It depends on the situation. Today’s best teachers know that learning comes through the construction of knowledge from below and the promotion of error as a constituent part of knowledge. It is in this sense, in my opinion, that a intergenerational culture can be produced. After that, the forms through which everyone brings it out are personal: one boy may be good at speaking, another at playing an instrument, one at drawing, another at writing, another still at producing content as a youtuber or influencer. Still, they are all forms of culture. Are there differences between the various educational levels (secondary school, university, etc) as regards the predisposition to listen to young people and the formulation of cultural proposals? There are 41,000 schools in Italy, we are talking about 900,000 teachers. And each school functions in its own way, each classroom functions in its own way. And the university is yet another thing again because we are talking about young adults, where there is no longer a group/class, there is no structured subject to possibly make a unified proposal to. I think the real issue is that schools, in general, have been detached from children and their needs for a long time. It’s true that in recent years secondary schools have tried to open up to listening and prevention activities, but this remains limited to a few schools in specific areas. In most cases there is a lack of real attention to cultural production, to self-expression, to teaching that does not start at a desk. Secondary school is the place where the school dropout phenomenon is born (in 90% of cases it occurs in the two last years of school) and where learning is conceived as repeating back to the teacher what they have just said. What is needed instead is a school where teenagers can build themselves up and learn more about the world of work. Because culture in adolescence has to do with the construction of an identity linked to the realisation of oneself and one’s future. Learning should be used for the process of constructing your own identity, your own way of understanding culture, your relationship with the environment, with knowledge, with art, music, theatre, with your own body. Instead, too often learning is understood as passive behaviour, in which one listens to an adult telling one what culture is, a ‘prefabricated’, ‘objective’ culture and, moreover, one based on a subdivision of knowledge that no longer makes sense. In fact, dividing up chemistry and physics, history and geography, was an entirely arbitrary invention that occurred at a certain point in history. Today, in the era of the internet and the mixing of knowledge a school that no longer keeps subjects separate, but rather deals with broader topics, such as the sustainability of the planet, suffering, pain, etc, is needed. So in order to make teenagers feel part of a cultural process in the making, these aspects should be changed, both in how the relationship with the outside world is understood and in the relationship with learning and knowledge.
The sense is an approach where you tell the young people “this is your space, even a wide one, do what you want,” but it’s something where the generations are dialoguing, building together. Do teenagers care about confrontation with other generations?
I think so. The issue is that we have to place this question, precisely because of this, within the contention with which we formulate a cultural proposal for teenagers: being in a school and building a learning process that lasts every day for 5, 6 or 8 hours a day is different than meeting them only once for 2 hours. And, also, it is necessary what group we are addressing. A spontaneous group? A group without a specific motivation? An obligatory group? For 30 years we as Minotaur have been building only ad hoc projects because if you really want to be credible you have to build a project based on a number of variables: who the young people are, what they want, where they are coming from, who is funding the project, etc.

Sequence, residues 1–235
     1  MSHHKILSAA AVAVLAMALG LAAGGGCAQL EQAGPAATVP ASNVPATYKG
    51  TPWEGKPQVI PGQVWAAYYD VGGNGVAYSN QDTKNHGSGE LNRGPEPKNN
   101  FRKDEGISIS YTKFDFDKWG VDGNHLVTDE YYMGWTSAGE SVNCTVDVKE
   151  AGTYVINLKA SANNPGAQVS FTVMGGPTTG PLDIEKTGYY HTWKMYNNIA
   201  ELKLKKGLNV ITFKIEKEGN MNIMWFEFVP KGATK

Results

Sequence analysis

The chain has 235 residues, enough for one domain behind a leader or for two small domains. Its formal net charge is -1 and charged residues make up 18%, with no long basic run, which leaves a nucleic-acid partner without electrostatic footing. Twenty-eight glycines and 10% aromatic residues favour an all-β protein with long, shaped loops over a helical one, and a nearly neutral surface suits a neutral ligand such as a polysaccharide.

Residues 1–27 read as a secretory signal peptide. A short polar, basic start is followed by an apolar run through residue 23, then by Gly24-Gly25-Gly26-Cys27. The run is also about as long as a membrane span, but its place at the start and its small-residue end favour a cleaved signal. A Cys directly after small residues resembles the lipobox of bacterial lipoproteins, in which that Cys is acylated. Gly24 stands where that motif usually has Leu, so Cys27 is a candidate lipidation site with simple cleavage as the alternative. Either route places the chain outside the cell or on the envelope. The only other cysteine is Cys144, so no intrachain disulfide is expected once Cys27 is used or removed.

I recently presented research on in-depth cultural festivals and youth participation at Book City. These festivals are often accused of living off the volunteers who are almost all teenagers or university students and who respond in consistently extraordinary numbers. Why do they do it? Because they are proposals in which adults make young people feel that they belong to a territoriality, using the right protagonism, giving them a role, a t-shirt, making them feel part of a project that brings something to the territory. With all the limitations of the case, these experiences testify that today’s teenagers do not need pre-packaged products, nor do they oppose the adult regardless, but they need to be summoned and feel like protagonists of a project, an experience that makes them feel part of the process with roles, sometimes voluntary, sometimes paid. And that is what schools should do as well. Often such initiatives raise controversy from third-party actors who denounce the exploitation of children. What do you think about his? True, this is also one of the problems with the cultural festivals I mentioned earlier. There should be some discussion on the possibility of remunerating any roles assigned to young people. With the PNRR a lot of money is coming in to fund these activities, so you could allocate it specifically to young people...
Matteo Lancini is a psychologist and psychotherapist with psychoanalytic training. President of the ‘Minotauro’ Foundation in Milan and lecturer at the Department of Psychology of the University MilanoBicocca and at the Faculty of Education of the Università Cattolica of Milan. He is director of the Master’s Degree Course “Prevention and treatment of internet addiction in adolescence